Friday, December 7, 2012

Movie Review: Red Dawn

Entertaining remake improves on original.

Today is the 71st anniversary of Pearl Harbor, so it seemed appropriate to review a movie about another surprise attack on the United States.

Red Dawn is, of course, a remake of the 1984 movie about Soviet forces invading America and occupying large parts of the country. The story of a gang of teenagers taking to the hills and fighting back captured the patriotism and unapologetic anti-communism of the Reagan era.

Fast forward to 2012, when Occupiers wear Che Guevara t-shirts and the nation has just re-elected a president who, if not a communist himself, had communists as the major influences in his life. To release a remake of Red Dawn in this environment is box office roulette. The mainstream media has been predictably harsh. In what’s getting to be a habit, Roger Ebert prostituted his artistic judgment to his political views. His review followed the same technique as his rant against last year's Atlas Shrugged, Part I: he savaged the movie on narrow technical grounds that don’t make sense if you actually watch the thing. Overall, review aggregator Rotten Tomatoes gave Red Dawn ‘12 an 11% rating, compared to 53% for Red Dawn ‘84.

This is too bad, because Red Dawn is the rare remake that's actually better than the original.

The small budget feel of the 1984 film, combined with the cast of peripheral Brat Packers (including Lea Thompson, Jennifer Grey, and Charlie Sheen) made it seem like a John Hughes coming-of-age comedy about a camping trip instead of the war epic it was supposed to be. There were two scenes that I especially didn’t like. In the first, one gang member, Robert (C. Thomas Howell), having shot his first deer, must drink its blood by way of initiation. In the second, the gang discovers that the enemy has implanted a tracking device in the mayor's son, Daryl (Darren Dalton). I thought both of these scenes should have played out differently. More seriously, the script was flawed dramatically: in a consequence-free plot, the small band of pubescent partisans had almost nothing to do with the larger war of resistance raging in the America beyond the kids' campsite.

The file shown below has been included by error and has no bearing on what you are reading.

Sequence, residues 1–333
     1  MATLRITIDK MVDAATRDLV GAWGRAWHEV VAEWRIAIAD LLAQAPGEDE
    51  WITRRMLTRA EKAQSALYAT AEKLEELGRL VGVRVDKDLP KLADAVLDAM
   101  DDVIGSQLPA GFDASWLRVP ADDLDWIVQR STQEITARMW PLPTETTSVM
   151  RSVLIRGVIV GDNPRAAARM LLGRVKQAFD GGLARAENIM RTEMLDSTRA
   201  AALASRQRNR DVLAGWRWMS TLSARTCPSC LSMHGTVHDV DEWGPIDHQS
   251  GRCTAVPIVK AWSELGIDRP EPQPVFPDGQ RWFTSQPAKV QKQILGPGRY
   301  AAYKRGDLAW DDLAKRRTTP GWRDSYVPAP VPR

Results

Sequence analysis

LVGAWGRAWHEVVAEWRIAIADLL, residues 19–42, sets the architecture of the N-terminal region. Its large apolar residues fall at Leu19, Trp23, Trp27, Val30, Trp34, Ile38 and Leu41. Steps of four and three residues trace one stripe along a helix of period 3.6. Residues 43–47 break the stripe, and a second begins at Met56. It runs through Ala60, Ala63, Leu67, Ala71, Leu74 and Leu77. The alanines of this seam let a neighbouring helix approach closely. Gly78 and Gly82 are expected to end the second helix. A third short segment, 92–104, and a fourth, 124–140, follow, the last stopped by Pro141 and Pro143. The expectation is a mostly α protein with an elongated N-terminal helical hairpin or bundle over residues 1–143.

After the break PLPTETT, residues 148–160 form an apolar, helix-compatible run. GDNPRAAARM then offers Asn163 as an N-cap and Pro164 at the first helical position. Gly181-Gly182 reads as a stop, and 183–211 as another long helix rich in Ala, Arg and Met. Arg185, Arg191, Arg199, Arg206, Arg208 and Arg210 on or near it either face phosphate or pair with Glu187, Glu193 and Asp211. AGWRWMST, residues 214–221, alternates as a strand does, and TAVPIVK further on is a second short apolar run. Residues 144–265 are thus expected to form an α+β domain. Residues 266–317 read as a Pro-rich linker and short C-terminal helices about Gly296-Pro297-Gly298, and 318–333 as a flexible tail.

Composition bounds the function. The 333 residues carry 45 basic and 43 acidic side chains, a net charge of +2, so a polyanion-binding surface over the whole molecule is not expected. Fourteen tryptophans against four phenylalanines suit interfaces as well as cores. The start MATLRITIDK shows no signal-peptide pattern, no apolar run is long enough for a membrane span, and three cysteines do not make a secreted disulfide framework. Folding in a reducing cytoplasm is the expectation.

In contrast, a plot-line in the 2012 version about capturing a critical piece of enemy technology put the kids in the game. The enemy this time was North Korea instead of Russia, and the movie captured the harsh reality of occupation. Improved battle choreography, better special effects, and more scenes of urban fighting added realism and grit. The cast delivered some intense performances. In particular, Thor’s Chris Hemsworth was thoroughly convincing as Jed Eckert, the combat-tested marine on leave. I wasn’t thinking Marvel Comics at all. Kudos also go to Adrianne Palicki for screen presence. The woman is hot and she knows it.

Oh, and those two scenes I didn't like in the original: they’ve been rewritten.

The one disappointment was the leader of the occupation, Captain Cho (Will Yun Lee). His 1984 counterpart, Colonel Bella (Ron O’Neal) was one of the most vivid characters in the film, and one of the few who showed real character development. 2012’s Captain Cho, by contrast, was a cardboard villain.

Still, the existence of villains is one thing that hasn’t changed since the 80’s. It’s still a dangerous world, and sometimes it’s necessary for men and woman with guns to stop the bad guys. Red Dawn is an entertaining reminder.

Michael Isenberg is the author of Full Asylum, a novel about resistance, freedom, and hospital gowns. Check it out on

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